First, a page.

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From charisma to doctrine,
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This review is from: Christian Beginnings: From Nazareth to Nicaea, AD 30-325 (Hardcover)
For people who have studied the transformation of the perception of Jesus' teaching from something that was fully in the Jewish tradition to something that made it unacceptable to Jews, the story told here is nothing new in essence, and has indeed been told by Vermes himself in several earlier books to which he refers the reader in notes. He has always portrayed the original Jesus of the Synoptic Gospels as a figure very much in the tradition of charismatic individuals in the Hebrew Bible: eloquent prophets or preachers, miracle workers, healers, casters out of demons, concerned with social justice and always opposed to and resented by the priests of their day.
In the first half of the book Vermes shows that the message of this original Jesus was unencumbered by subtle philosophical or theological definitions or theories, how these developed and how the Jewish Jesus sect was transformed into Pauline and Johannine Christianity. He credits Justin Martyr, ca.100 to 165, with being the founder of "Christian theology, ... a theology linked to Greek philosophy and totally different from Jesus' non-speculative mode of thinking." One can see - and it is made clear in the last four lines of the Postscript - that Vermes' sympathies lie with the pre-theological phase of Christianity, scrupulously though he deals with the succeeding phases.
In the second half he deals with the continuing elaboration of theories and definitions by post-Pauline theologians, up the Council of Nicaea in 325. By that time the charismatic element (still very much present in Paul's day) and an emphasis on the message - WHAT JESUS HAD TAUGHT - had given way to an emphasis among theologians on the messenger - exactly WHO JESUS WAS and to an intense concern with his precise relationship with God. He shows how the notion of the Trinity began to take the shape that it finally took with Tertullian (ca.160 to ca. 225). That inevitably raised ferocious debates about whether the Son was subordinate to the Father or co-equal with Him, and whether one aspect of the Trinity, the Son, could ever have been a real human being. The Gnostic idea (Docetism) - that he never was but only appeared to be human - was eventually routed as a heresy, as was Subordinationism.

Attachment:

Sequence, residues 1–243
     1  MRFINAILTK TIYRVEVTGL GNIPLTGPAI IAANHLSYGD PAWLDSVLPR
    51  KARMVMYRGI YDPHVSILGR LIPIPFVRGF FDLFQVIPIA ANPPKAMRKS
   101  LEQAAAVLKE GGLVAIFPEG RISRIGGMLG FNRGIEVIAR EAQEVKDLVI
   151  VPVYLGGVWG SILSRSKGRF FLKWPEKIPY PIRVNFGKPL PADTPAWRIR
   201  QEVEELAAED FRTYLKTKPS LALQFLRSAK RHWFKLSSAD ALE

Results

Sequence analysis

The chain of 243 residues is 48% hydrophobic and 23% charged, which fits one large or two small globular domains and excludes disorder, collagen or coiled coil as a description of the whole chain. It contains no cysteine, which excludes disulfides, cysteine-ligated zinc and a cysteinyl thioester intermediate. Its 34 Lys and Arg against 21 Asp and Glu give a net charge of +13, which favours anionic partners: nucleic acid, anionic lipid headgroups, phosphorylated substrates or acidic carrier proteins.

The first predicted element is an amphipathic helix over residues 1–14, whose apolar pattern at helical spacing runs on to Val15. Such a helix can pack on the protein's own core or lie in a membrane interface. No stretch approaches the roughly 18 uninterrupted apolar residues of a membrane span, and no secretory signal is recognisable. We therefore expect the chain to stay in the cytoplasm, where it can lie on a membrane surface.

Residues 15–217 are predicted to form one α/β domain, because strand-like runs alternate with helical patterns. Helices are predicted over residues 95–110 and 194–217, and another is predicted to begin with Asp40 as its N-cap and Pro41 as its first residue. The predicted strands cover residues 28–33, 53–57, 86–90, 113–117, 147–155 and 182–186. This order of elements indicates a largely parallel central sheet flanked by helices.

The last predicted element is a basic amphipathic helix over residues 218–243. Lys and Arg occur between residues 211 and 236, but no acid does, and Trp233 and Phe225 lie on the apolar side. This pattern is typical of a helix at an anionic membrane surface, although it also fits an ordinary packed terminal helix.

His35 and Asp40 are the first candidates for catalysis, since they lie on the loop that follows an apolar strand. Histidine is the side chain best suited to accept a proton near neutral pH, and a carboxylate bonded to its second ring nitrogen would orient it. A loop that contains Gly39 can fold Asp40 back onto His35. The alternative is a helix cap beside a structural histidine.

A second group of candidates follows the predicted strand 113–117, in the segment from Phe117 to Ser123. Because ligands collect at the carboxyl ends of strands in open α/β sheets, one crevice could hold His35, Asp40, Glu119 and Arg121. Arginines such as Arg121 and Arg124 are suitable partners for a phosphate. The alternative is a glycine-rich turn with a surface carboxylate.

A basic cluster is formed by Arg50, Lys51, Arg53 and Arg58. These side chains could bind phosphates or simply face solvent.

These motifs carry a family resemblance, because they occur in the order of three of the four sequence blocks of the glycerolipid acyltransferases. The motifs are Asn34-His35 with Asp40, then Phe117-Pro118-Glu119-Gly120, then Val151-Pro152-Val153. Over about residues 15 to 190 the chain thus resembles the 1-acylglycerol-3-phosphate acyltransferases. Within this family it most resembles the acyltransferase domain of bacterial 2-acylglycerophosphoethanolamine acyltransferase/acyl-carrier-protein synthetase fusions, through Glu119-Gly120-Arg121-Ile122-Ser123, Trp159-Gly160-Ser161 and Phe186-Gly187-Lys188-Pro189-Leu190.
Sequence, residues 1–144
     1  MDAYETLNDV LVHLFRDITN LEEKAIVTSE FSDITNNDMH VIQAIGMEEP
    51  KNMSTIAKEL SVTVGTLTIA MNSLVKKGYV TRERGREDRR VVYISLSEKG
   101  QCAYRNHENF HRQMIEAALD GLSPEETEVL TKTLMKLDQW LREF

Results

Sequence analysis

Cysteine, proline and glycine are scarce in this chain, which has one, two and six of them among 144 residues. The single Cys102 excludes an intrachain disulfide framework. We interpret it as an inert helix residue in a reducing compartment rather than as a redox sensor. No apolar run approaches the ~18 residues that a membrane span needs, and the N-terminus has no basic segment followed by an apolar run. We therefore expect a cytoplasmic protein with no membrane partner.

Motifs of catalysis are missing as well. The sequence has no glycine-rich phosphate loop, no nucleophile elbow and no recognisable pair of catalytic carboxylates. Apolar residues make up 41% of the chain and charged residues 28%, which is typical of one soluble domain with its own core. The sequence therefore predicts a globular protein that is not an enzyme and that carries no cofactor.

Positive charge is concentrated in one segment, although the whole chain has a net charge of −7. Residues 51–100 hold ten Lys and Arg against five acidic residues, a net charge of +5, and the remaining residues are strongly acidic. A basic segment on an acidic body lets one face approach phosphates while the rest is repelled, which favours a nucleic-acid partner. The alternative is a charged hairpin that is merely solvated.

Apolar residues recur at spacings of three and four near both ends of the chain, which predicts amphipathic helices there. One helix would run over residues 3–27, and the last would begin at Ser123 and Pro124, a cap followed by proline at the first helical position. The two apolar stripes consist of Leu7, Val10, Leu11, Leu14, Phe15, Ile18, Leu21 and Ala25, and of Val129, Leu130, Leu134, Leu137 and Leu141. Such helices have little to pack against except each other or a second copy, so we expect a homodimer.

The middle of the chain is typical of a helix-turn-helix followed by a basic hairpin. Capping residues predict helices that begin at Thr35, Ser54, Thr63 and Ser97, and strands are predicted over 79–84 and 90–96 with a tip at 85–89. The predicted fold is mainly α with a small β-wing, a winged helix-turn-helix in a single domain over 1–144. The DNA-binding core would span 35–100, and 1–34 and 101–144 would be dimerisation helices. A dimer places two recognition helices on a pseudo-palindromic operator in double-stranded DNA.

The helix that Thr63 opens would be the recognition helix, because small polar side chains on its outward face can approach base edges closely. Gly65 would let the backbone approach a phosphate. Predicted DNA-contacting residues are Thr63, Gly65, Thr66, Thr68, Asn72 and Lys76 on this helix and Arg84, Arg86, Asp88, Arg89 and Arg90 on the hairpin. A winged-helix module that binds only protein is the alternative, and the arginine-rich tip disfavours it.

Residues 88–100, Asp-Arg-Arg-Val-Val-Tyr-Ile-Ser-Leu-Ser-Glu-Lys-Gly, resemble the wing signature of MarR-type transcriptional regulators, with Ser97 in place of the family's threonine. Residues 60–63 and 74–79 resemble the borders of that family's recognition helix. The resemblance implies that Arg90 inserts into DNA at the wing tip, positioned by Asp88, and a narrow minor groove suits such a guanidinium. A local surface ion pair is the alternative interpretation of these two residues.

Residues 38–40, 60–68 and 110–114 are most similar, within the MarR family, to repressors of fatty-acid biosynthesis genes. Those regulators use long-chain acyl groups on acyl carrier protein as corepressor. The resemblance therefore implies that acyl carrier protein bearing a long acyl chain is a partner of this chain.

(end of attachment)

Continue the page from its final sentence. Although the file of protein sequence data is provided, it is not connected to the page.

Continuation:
In addition Vermes traces the development of the Church's structure - loose in the beginning to tighter and more authoritarian even before it became the official religion of the Roman Empire.
That post-Pauline and post-Johannine story, too, can be found in many other books (for example in Part II of Diarmaid MacCullough's magisterial History of Christianity - see my Amazon review). What we find in Vermes are many illustrative quotations from the texts of key figures in the story, and most of these will be new to most readers: for instance, I have not myself seen elsewhere his interesting analysis of Justin Martyr's Dialogue with the Jew Trypho. In any case, for anyone relatively new to the history of early Christian thought, this is perhaps as useful a book with which to start as any other.
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Showing 1-3 of 3 posts in this discussion
Initial post: 6 Sep 2012 15:54:50 BDT
Aside from the point you mention at the end of your excellent review, would this book add anything new to someone like me, who has already read Vermes' Changing Faces, Authentic Gospel, and the Passion and Nativity books about Jesus?
In reply to an earlier post on 6 Sep 2012 16:05:08 BDT
Ralph Blumenau says:
As far as I remember (but I may be wrong) his earlier books do not go beyond the Pauline-Johannine transformation of the figure of Jesus - so, unless you have read, say MacCulloghor some other histories of Christianity, what might be new to you is the story between that aforementioned transformation and the Council of Nicaea.
In reply to an earlier post on 6 Sep 2012 16:39:20 BDT
Brilliant. Thank you very much for that (^_^).
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